Would Rawls’ Principles of Justice be Chosen in his Original Position?

In what follows, I shall outline Rawls’ hypothetical initial position the ‘original position’.  I will present his two principles of justice: the liberty principle and the difference/fair opportunity principle, and argue that they can be derived from the original position following Rawls’ methodology.  However, I identify problems this methodology, precisely the hypothetical contract method.  Finally, I consider whether Rawls’ principles are consistent.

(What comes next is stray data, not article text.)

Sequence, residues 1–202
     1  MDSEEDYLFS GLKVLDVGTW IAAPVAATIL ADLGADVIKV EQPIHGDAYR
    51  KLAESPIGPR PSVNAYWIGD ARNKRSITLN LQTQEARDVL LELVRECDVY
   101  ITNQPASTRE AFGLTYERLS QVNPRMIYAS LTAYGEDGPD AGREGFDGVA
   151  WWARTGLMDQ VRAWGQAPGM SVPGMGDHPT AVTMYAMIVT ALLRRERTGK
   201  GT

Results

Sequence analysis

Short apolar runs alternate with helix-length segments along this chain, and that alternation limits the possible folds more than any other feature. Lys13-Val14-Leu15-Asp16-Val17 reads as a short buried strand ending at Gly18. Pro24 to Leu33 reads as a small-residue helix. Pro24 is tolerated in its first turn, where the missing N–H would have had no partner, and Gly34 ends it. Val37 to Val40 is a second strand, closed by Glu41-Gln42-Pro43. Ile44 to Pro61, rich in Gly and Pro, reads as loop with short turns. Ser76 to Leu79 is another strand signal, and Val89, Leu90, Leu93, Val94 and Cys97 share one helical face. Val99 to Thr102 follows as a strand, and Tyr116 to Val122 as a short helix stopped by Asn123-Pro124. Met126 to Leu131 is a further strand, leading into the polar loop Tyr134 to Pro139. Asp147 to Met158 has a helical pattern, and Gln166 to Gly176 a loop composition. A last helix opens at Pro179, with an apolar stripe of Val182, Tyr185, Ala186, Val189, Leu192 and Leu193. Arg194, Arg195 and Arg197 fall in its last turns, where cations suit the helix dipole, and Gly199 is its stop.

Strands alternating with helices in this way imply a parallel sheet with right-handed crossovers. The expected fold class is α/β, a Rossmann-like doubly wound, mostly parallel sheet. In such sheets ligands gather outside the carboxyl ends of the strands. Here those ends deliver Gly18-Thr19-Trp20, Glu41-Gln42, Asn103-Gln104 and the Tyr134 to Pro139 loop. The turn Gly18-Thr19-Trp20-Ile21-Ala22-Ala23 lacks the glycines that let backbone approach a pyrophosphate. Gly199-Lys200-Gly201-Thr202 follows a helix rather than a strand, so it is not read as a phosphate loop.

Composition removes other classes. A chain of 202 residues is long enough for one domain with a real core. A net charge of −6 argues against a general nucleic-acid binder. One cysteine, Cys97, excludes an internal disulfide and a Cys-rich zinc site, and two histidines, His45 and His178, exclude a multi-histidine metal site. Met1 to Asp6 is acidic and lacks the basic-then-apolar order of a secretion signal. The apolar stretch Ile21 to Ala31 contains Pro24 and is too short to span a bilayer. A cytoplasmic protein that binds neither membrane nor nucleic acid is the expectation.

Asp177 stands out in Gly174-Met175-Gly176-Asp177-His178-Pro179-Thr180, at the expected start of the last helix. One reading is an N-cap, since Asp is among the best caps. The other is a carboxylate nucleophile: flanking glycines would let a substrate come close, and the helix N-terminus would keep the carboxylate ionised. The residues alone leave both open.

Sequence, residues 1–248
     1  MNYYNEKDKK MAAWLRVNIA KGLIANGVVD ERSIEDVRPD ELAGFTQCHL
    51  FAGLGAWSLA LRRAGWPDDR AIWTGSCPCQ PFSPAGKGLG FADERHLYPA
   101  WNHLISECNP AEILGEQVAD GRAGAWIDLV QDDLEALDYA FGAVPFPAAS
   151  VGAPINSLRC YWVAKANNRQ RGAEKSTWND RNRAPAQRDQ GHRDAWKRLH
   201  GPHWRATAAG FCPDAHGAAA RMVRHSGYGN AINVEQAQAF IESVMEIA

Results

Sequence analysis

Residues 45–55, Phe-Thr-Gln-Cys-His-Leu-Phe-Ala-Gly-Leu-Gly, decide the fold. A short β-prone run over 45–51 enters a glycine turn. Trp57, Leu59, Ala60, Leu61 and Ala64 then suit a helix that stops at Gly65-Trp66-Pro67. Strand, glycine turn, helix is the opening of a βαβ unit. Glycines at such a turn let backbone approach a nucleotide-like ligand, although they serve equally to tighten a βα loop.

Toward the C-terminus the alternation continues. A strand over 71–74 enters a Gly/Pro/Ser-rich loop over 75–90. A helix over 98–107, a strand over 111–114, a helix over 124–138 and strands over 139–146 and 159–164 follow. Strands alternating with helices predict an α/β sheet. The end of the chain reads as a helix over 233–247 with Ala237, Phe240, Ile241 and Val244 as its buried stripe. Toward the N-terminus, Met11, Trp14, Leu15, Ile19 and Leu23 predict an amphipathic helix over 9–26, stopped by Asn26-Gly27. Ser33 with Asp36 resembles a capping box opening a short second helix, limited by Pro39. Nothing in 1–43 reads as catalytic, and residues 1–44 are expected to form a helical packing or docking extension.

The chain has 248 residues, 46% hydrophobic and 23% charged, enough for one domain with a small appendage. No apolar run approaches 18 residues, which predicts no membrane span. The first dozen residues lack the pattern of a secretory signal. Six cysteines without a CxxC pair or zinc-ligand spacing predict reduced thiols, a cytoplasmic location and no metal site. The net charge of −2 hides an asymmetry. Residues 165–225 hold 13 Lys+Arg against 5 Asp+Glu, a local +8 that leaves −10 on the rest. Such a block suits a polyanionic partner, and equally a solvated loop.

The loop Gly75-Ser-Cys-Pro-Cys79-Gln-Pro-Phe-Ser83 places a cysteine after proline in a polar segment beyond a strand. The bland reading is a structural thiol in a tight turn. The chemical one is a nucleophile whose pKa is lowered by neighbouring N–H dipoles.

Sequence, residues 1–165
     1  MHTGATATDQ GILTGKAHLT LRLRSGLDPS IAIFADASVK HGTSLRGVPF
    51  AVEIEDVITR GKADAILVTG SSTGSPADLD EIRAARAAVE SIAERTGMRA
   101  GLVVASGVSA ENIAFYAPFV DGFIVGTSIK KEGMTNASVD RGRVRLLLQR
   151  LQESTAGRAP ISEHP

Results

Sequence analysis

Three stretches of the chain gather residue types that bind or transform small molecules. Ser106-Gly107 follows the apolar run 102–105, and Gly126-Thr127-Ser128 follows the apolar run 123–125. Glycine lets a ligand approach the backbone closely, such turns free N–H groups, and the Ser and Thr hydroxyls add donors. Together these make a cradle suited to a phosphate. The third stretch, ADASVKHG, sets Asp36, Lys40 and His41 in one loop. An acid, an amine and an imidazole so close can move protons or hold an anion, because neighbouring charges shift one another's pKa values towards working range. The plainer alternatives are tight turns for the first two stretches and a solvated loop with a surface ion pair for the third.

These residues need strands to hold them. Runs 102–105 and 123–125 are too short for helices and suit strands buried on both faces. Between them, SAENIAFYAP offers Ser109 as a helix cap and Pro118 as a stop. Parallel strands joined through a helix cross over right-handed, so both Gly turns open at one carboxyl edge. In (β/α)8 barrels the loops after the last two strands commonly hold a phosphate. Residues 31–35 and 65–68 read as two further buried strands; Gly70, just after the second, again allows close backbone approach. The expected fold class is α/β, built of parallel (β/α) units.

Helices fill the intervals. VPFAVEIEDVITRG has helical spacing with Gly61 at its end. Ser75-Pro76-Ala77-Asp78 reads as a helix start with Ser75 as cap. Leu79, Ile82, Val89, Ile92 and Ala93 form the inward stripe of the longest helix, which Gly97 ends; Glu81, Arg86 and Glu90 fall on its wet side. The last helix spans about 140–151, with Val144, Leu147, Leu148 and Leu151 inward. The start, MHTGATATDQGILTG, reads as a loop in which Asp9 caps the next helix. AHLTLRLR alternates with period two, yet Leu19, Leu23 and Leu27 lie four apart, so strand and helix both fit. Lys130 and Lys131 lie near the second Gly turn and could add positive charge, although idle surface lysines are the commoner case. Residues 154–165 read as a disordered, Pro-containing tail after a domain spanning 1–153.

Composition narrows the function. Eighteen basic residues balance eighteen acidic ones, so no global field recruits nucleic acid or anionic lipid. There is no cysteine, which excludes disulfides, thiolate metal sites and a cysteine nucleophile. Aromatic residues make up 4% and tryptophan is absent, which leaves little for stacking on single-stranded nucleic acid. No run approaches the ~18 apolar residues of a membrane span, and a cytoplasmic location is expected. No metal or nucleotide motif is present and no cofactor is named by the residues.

Rawls claims that in order to justify his notion of ‘justice as fairness’ it is necessary to abstract from real life, where the disputes over what constitutes as just occur, and imagine what you would have agreed ‘just’ before the game (so to speak) had begun.  Thus he looks to a hypothetical agreement, or contract, to justify his advocated principles of justice.  He constructs an imaginary situation from which the principles of justice are to be chosen.  Furthermore, it must be a situation designed to ensure the chosen principles will be fair to all.  This situation is the original position.  From here agents can make a blind choice of principles as if they did not know what their position would be in the society they are choosing.  Rawls is assuming, uncontroversially, we are biased towards our own special interests.  By forcing us to choose as if we may occupy any social position, we filter out this bias and have to take into account the interests of everyone equally, so ensuring fairness to all.  This means certain conditions need to be put into the original position, that is ignorance of anything about our position in society or our conception of the good life.  For this Rawls implements the veil of ignorance to mask the socially significant facts about ourselves, such as our race, sex, religion, economic class, social standing, natural abilities.  He claims this gives us equal concern for the fate of everyone.  Ignorance generates impartiality.  However, personal interests are not the only thing dividing people on the issue of justice, disagreements also arise because people value different things, they have different conceptions of what a good society would be like.  Rawls also excludes knowledge of personal views of what a good society should be like from the original position.  According to Rawls anyone can think their way into the original position at anytime and as such one can see for themselves whether the principles of justice would have been chosen.